McGehee/Siegle's adaptation is less about the travails of divorce per se, and specifically about "the erosion of innocence in the midst of plenty," as Boston Globe's Ty Burr put it. Further, "it catalogs the many insults, small and large, against Maisie’s faith in the adult world." Well paced and supported by performances that hit all the right notes across the board, most especially Aprlle, who was only 6! Loved it.
I watched this DVD a few days ago and enjoyed it. A little girl is going through the complex relationships between her parents and step parents and it is moving to see how her actual self obsessed genitors do not care for her the way they should. Good acting!
I found it hard to detect a single good thing here. Maybe the effort to make the story sound modern was too strong (considering it's a novel written in 1897!-by H James) or the film was too self-explanatory when in the end was almost pointing to a way of putting the examined issue into the right perspective, But In terms of performances I'd say good it was overall. And still the little girl won the 'race' by a mile!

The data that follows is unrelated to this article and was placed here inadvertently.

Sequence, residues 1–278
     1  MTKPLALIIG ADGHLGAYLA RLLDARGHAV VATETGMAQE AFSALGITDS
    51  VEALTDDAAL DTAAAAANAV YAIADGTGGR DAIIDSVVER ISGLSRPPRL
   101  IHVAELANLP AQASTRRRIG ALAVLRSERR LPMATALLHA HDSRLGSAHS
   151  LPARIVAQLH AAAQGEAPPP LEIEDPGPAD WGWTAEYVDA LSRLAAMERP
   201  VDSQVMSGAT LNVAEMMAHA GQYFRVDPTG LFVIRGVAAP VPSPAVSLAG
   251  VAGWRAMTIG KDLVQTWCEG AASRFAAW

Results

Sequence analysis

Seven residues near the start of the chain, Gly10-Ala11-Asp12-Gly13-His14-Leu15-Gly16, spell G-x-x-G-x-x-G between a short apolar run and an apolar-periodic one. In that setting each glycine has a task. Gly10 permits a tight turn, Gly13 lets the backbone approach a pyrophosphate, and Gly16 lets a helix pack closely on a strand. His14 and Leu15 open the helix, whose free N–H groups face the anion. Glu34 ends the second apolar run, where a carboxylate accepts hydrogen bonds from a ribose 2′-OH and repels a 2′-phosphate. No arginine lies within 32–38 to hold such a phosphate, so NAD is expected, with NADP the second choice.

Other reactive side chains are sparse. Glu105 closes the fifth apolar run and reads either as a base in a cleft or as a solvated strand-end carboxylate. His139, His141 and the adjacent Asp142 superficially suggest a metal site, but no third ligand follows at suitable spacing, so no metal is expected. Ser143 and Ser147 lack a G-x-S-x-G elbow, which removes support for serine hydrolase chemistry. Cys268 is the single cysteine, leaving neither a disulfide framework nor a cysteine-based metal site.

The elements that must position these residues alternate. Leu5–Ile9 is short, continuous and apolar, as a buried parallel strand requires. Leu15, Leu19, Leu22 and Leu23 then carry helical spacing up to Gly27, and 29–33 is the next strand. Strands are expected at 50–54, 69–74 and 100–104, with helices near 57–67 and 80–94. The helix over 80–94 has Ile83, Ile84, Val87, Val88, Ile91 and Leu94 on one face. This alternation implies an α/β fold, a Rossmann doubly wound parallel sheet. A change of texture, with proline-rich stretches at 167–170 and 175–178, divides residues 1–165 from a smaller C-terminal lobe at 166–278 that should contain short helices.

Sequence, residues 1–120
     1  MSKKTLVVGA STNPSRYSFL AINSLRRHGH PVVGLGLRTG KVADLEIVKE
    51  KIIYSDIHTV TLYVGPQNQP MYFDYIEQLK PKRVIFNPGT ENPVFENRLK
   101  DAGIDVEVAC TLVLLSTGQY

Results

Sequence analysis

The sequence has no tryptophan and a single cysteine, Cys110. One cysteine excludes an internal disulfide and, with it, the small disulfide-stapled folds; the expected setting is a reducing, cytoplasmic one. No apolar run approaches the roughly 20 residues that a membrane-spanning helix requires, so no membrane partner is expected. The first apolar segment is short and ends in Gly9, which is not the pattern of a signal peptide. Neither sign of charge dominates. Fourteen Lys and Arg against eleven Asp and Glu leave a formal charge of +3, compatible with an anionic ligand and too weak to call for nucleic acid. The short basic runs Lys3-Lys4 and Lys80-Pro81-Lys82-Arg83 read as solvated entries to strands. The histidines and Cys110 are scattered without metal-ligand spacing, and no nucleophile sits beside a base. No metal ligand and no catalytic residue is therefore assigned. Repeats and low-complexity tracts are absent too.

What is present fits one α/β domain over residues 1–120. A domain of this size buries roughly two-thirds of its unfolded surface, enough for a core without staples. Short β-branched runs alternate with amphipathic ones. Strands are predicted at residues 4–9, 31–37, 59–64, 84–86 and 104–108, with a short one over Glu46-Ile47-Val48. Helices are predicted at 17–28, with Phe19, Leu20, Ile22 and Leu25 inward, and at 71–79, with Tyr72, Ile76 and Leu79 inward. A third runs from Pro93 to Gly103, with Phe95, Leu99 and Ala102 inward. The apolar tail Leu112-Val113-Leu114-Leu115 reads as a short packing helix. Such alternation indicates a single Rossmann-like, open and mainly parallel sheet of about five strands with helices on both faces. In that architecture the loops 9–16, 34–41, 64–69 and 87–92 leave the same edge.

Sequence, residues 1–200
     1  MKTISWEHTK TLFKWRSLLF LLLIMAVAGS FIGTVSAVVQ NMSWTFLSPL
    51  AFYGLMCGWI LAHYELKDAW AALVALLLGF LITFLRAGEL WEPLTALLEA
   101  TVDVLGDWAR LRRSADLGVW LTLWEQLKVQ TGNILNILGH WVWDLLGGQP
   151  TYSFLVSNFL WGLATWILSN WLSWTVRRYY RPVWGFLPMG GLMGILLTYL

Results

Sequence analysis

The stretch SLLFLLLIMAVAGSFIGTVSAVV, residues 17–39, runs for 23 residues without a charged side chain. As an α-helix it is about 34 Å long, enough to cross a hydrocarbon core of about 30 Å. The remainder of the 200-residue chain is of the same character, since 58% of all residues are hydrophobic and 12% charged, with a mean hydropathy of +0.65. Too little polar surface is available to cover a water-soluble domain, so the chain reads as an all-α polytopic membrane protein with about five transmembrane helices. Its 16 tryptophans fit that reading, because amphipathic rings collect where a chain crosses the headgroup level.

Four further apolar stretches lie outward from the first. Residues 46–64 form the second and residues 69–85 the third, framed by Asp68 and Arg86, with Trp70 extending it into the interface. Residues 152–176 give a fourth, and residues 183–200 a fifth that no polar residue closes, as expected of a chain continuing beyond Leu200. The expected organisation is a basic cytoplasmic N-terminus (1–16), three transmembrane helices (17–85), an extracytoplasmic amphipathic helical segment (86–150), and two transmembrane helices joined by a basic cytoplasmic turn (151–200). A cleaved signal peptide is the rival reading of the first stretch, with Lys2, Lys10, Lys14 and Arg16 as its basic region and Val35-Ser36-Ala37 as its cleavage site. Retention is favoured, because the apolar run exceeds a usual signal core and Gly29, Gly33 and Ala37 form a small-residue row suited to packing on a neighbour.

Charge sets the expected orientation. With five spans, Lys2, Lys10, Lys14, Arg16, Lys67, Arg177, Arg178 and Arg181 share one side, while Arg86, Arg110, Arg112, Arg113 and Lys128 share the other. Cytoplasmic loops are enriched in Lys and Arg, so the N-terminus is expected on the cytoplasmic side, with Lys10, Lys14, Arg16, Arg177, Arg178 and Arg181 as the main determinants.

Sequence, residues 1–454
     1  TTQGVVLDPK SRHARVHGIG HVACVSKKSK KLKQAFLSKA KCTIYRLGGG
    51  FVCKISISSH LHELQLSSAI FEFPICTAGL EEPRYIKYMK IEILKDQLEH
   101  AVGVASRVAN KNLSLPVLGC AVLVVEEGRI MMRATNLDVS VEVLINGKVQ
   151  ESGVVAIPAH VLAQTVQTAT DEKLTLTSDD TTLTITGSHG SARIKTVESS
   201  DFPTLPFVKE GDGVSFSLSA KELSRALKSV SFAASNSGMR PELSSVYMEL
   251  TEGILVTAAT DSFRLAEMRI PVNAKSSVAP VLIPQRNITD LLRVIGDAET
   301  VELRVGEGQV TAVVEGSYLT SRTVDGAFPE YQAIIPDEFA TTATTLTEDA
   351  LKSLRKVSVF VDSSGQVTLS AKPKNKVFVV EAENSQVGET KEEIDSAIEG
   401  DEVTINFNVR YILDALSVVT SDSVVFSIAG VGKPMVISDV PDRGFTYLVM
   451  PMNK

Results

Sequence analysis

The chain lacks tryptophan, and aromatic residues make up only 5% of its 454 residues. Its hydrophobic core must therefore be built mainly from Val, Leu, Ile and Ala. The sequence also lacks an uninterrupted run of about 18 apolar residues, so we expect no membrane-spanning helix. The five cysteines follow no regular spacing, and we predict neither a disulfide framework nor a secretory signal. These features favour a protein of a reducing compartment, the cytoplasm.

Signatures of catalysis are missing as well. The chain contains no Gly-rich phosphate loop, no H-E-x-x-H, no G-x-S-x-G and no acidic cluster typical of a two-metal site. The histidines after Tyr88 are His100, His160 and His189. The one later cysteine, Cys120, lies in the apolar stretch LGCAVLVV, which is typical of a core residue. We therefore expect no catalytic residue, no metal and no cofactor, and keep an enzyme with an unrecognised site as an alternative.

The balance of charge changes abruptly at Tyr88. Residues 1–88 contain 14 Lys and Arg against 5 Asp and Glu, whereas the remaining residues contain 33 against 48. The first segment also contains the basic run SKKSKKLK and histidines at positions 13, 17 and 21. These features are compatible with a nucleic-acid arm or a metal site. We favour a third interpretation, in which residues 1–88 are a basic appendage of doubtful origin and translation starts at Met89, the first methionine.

Aprile, Moore and Coogan were top notch. Maybe its just me, but the cutesy, music box flavored music annoyed me. I found it distracting in an otherwise very solid movie. When music is used like this, it adds an unnecessary and manipulative layer to scenes that are strong enough alone without you being reminded that this is an innocent child being subjected to the ill behavior of 2 incredibly irresponsible parents.
A very solid and gentle look at the complexities of human relationships as seen through the eyes of a child caught between two parents rapidly drifting apart. Cliche-free performances coupled with direction that avoids sentimentality in several touching key scenes elevate this domestic drama and provide ample opportunity to reflect on the ego, selfishness and possession. 3.5 stars